Here's how it works: The top four teams out of these 12 would receive a first round bye. The remaining eight teams would knock each other out in the first round (5 vs. 12, 6 vs. 11, 7 vs. 10, 8 vs. 9), with the winner of the game that had the lowest top seed getting the highest seeded second round opponent. For example, the top team would play the winner of the 8/9 game and the second best team would play the winner of the 7/10 match up. From the second round on, it would be your standard single-elimination tournament, just like March Madness. This type of tournament would only take 11 games to play out. That would add about 2-3 weeks to the schedule so, as Simmons said, why not take out the last week of the regular season (~4 games)? The extra length of the playoffs could be completely nullified by moving away from a 2-2-1-1-1 format and to a 2-3-2 format. With travel times reduced, games could be played much closer together, maybe even on back to back nights. This way, the playoffs wouldn't take until August to complete.

The most interesting part of all this; multiple playoff races would be created. Think about it. The teams at the top, the creme de la creme if you will, would be fighting for those #1/#2 seeds and the right to massacre the #15/#16 teams. If it's a year where one conference doesn't have a serious #1 team, the battle could get even more intense.

The second playoff race would be similar to the one we have now, as teams try to obtain the automatic bids and get some much needed time off while everyone else tries to play their way in.

The third race would be between the 'bottom feeders', who would be trying to play their way into the #23/#24 slots and take their shot in the tournament. No longer would teams be out of the playoffs in mid-January. We could have as many as 26 or 27 teams playing very significant games in late March. That sells tickets, folks and money speaks volumes. In an era when sports are a business, I sincerely wonder if the league would lend an ear to this.

1 comment:

  1. it some very interesting thoughts, but do have my own gripe about the current structure, it's a kinda weird one but i was thinking it over a lot and discussed with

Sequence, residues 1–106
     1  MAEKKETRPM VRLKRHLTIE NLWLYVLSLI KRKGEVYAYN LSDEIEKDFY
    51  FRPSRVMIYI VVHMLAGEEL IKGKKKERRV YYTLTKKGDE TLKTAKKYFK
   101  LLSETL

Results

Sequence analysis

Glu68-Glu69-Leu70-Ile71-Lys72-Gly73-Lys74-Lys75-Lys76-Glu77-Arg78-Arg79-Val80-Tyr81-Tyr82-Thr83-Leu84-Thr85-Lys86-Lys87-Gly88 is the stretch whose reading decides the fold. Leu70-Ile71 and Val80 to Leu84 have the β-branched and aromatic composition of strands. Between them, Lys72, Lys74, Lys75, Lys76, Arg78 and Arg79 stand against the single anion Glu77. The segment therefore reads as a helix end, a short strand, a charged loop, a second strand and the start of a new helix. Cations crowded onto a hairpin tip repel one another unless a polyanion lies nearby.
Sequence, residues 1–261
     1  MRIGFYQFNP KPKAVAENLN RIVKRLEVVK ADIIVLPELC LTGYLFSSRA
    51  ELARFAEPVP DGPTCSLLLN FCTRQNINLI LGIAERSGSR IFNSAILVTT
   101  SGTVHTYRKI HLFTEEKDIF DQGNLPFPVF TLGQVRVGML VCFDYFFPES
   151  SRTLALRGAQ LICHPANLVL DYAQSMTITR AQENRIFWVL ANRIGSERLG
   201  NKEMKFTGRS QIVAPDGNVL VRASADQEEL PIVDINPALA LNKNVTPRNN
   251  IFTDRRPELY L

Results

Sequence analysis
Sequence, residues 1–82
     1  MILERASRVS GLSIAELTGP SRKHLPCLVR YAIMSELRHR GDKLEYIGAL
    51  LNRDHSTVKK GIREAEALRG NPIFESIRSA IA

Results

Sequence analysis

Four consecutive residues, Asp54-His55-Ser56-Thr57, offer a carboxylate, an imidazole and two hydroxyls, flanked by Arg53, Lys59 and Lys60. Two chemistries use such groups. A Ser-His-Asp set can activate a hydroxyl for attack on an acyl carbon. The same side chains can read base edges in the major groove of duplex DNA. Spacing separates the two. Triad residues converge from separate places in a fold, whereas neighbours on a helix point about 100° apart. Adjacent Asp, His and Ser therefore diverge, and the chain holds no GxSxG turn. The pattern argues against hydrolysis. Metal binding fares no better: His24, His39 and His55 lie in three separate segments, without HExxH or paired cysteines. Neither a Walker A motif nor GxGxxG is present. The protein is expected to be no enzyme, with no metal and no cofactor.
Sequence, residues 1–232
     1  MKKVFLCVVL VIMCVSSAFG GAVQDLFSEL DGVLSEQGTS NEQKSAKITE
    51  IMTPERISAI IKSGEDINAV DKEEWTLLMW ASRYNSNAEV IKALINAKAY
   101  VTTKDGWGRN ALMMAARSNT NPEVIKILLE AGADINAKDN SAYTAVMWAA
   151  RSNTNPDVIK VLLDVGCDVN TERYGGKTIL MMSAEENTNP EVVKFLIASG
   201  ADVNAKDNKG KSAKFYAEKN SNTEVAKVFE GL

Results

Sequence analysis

there are 30 teams vying for 16 spots, while it does allow for the underdog to have a rare chance (Edmonton), i think it's a little crowded to have over 50% of the league in the post season, the NBA has the same problem, alternately MLB has 30 teams looking for only 8 spots, that's rather unfair to have a single wild card with that many teams

    the NFL wild card set up is exclusive and competitive for 32 teams vying for 12 spots, right in the middle between the other 3 sports

    but that is just one thought, the idea of reseeding is unique, but alot of the talk comes about due to result of top heavy conferences, the AL in baseball, the AFC in football, and the Western Conferences in both hockey and basketball, over time they tend to re shift back to the opposite side

    where as the NHL is reeling from the Bettman era trying to define it's new era to the public with players like Crosby and Ovechkin, the NBA is struggling with the fact with even the exposure and household names of Tim Duncan and LeBron James, people are just tired of the same old same old, only people in San Antonio wanted the Spurs in, and when people realized that LeBron couldn't beat them by himself they stopped watching the inevitable fall they knew was coming, had it been any other team in the west like Phoenix or Dallas there would have been no issue, but the Spurs are so boring

    I think what the NHL needs to look to in the future is the best markets for a team to thrive, and i ain't talking to places where you need a machine to make it snow, but re-establishing it's core markets and expanding into cities that are supportive of a team based on enthusiasm and not how fast the city is growing, after last year, i certainly don't think the standard playoff format is boring, i just think it takes some real time to look at things and see if it would be a long term deal that can bring excitement back to the sport or the next glow puck